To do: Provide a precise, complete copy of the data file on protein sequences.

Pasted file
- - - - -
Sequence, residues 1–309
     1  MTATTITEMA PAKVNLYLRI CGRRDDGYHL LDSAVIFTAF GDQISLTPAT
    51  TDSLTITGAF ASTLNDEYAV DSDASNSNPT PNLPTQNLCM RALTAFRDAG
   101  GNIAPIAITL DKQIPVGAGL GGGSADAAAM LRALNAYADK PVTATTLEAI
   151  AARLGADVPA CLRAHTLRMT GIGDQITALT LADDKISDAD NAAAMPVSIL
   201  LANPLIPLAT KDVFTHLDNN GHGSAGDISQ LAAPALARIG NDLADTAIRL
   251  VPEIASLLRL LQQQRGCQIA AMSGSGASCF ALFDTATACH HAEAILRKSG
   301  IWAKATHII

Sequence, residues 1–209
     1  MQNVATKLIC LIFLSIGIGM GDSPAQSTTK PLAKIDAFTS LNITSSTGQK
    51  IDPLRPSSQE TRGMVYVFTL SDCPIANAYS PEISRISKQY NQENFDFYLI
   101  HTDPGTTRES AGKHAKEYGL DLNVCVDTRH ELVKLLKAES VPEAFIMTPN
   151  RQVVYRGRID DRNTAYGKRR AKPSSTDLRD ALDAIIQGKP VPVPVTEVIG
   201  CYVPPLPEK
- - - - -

Sequence, residues 1–309
     1  MTATTITEMA PAKVNLYLRI CGRRDDGYHL LDSAVIFTAF GDQISLTPAT
    51  TDSLTITGAF ASTLNDEYAV DSDASNSNPT PNLPTQNLCM RALTAFRDAG
   101  GNIAPIAITL DKQIPVGAGL GGGSADAAAM LRALNAYADK PVTATTLEAI
   151  AARLGADVPA CLRAHTLRMT GIGDQITALT LADDKISDAD NAAAMPVSIL
   201  LANPLIPLAT KDVFTHLDNN GHGSAGDISQ LAAPALARIG NDLADTAIRL
   251  VPEIASLLRL LQQQRGCQIA AMSGSGASCF ALFDTATACH HAEAILRKSG
   301  IWAKATHII

Sequence, residues 1–209
     1  MQNVATKLIC LIFLSIGIGM GDSPAQSTTK PLAKIDAFTS LNITSSTGQK
    51  IDPLRPSSQE TRGMVYVFTL SDCPIANAYS PEISRISKQY NQENFDFYLI
   101  HTDPGTTRES AGKHAKEYGL DLNVCVDTRH ELVKLLKAES VPEAFIMTPN
   151  RQVVYRGRID DRNTAYGKRR AKPSSTDLRD ALDAIIQGKP VPVPVTEVIG
   201  CYVPPLPEK